I have always thought of freedom as a political good. Because I was raised in a home with a father who believed in civic responsibility and who served for 42 years as an election precinct officer, the moment I turned 18, I registered to vote. And I don’t remember missing a single opportunity to cast my vote in local and national elections. Working for The Upper Room, whose mission is centered in creating space and opportunities for people to cultivate daily life with God, I am thinking these days about freedom as both a political and spiritual good.
Maybe one reason Eden appeals to many of us is because stories about Eden evoke the epitome of spiritual freedom. We long for a space such as Eden, a kind of paradise that would satisfy our longing for bodily and spiritual freedom… where our minds are free from worry? suspicion? fear? A space where each of us is regarded as fully human, made in the image of God? Perhaps it is easier to picture a natural idyllic place without humans! Perhaps the sages of old were merely reminding us that even in Eden, God’s creation is under threat by an evil that lurks inside the perimeter. Evil is the threat of freedom, and that is the ultimate concern of God.
In preparation for this article, I had a brief correspondence with my former theology teacher, M. Douglas Meeks, (Cal Turner Chancellor Professor of Theology and Wesleyan Studies Emeritus at Vanderbilt Divinity School, Nashville, Tennessee), about something he had said in class over 20 years ago! He graciously responded to my question with a summary I knew he would easily recall, “Creation is understood as God’s calling everything out of nothing into being.” And the Exodus is a reminder that “God will let go of nothing God has called into being.” For Meeks, the concept of freedom predates Eden. All of humanity was created to be free, and the perennial challenge of humanity is remaining free. I am convinced that concepts like chattel slavery, internment camps, death camps, mass incarceration, immigration detention centers, and sex trafficking each threaten the freedom by which we are created in God. These are sin and thereby against God.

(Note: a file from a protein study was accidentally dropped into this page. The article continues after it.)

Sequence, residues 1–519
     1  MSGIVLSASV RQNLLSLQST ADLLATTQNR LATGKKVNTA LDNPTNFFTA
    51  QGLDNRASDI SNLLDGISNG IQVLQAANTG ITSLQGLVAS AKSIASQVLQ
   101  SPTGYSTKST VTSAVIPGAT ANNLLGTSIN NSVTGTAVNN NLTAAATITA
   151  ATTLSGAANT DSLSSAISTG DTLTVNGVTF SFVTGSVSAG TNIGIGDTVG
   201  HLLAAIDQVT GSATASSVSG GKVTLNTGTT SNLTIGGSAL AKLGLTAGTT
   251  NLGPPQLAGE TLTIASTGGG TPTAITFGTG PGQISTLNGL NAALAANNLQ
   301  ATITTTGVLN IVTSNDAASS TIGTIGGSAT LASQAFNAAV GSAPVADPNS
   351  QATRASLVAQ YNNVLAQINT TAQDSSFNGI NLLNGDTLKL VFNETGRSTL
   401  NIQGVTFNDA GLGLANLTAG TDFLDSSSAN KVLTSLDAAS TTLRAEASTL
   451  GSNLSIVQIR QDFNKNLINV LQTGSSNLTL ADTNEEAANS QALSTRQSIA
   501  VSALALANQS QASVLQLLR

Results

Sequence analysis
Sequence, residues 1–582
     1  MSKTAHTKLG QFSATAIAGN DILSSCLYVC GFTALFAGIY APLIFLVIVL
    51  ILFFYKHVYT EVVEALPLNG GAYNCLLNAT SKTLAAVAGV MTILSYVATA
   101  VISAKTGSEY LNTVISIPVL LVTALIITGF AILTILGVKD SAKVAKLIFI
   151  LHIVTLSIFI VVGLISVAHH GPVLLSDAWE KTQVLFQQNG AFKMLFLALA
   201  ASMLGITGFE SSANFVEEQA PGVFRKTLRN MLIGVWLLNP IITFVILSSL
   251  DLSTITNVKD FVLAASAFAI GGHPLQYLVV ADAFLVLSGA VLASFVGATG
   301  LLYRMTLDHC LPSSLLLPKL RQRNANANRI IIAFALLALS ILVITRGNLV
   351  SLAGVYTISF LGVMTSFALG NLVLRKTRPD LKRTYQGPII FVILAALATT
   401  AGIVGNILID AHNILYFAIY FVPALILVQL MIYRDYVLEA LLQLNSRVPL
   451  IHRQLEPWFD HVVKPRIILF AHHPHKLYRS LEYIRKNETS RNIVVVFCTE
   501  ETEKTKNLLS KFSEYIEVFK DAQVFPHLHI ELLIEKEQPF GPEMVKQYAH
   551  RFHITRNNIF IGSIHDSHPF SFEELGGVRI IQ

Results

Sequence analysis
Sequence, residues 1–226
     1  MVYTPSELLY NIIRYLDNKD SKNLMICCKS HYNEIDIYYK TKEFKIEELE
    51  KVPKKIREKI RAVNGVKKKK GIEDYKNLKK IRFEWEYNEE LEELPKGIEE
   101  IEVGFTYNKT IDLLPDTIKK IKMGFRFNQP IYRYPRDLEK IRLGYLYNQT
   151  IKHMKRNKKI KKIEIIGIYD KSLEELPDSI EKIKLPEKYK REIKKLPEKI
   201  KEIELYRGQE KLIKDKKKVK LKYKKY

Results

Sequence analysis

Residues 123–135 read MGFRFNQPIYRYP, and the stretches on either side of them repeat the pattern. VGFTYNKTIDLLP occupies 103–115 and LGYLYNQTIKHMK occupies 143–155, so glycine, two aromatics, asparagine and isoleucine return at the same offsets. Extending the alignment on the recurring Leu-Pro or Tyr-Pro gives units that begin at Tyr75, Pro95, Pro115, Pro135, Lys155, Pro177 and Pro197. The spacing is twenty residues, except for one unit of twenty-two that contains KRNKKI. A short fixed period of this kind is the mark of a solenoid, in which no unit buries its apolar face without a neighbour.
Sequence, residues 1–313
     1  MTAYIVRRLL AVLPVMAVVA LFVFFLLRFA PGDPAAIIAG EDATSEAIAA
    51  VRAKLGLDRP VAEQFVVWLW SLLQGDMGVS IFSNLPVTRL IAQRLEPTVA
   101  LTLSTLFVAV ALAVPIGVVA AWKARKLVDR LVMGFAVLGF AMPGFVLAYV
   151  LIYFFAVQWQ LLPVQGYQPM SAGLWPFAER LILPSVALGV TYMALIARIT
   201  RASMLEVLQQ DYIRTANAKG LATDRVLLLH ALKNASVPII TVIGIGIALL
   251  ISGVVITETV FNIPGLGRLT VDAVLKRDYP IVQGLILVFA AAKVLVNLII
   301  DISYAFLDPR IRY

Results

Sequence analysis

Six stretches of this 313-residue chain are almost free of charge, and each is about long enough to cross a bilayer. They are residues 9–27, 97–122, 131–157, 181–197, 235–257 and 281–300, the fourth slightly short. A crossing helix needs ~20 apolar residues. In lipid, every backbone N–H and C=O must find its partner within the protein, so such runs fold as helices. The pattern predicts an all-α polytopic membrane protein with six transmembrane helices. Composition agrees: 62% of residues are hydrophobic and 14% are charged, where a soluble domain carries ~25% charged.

The people of God have a rich and storied past of song, scripture, and dance celebrating the labor of God to set us free. Meeks recalls that even Jesus proclaims, “For freedom, God has set you free, therefore do not submit again to the yoke of slavery.” Our greatest work yet is remembering freedom as a spiritual discipline at the core of the invitation of Luke 4, “to set the captives free.” These words do not merely refer to a spiritual bondage but also to physical bondage. Modern-day captors, like Pharoah, would detain immigrants in abysmal detention centers, relegate women to lower-paying jobs, and disproportionately incarcerate people of color. Our invitation to the spiritual discipline at the core of Luke 4 is contemplating human freedom in every corner of the world, starting with the ground upon which we stand.
The song tradition of the African American spirituals pens these words, “Freedom, O Freedom, freedom over me. Before I be a slave, I’ll be buried in my grave, and go on to my Lord to be free.” It is the rallying cry of those just barely a generation removed from slavery remembering its brutality and declaring, “never again.” But as they sang, we sing together as one voice committed to the freedom that exists in Christ. Finally, perhaps, we have moments where we have tasted freedom, where freedom has never more felt so free. Where were you? Those are the moments that fuel the good news of Christ, “Whom Christ has set free, is free indeed.” July is a month where Black Americans have historically questioned the concept of freedom on American soil, nevertheless, we have been able to celebrate: freedom is always of concern to God, involuntary bondage is sin, and the liberating work of Christ is ever loosening all of our shackles! Therefore, let us work and imagine freedom while it is still day.
Rev. Dr. Amy Steele serves as The Upper Room Executive Director of Program and Dean of The Upper Room Chapel. Prior to joining The Upper Room, Amy was assistant dean for student affairs and community life at Vanderbilt Divinity School. Amy is a womanist social ethicist who has deep commitments to understand faith, preaching, and social justice. Her research interests include 20th century Black religious thought, especially the works of Howard Thurman.
Photograph by Aaron Burden / Unsplash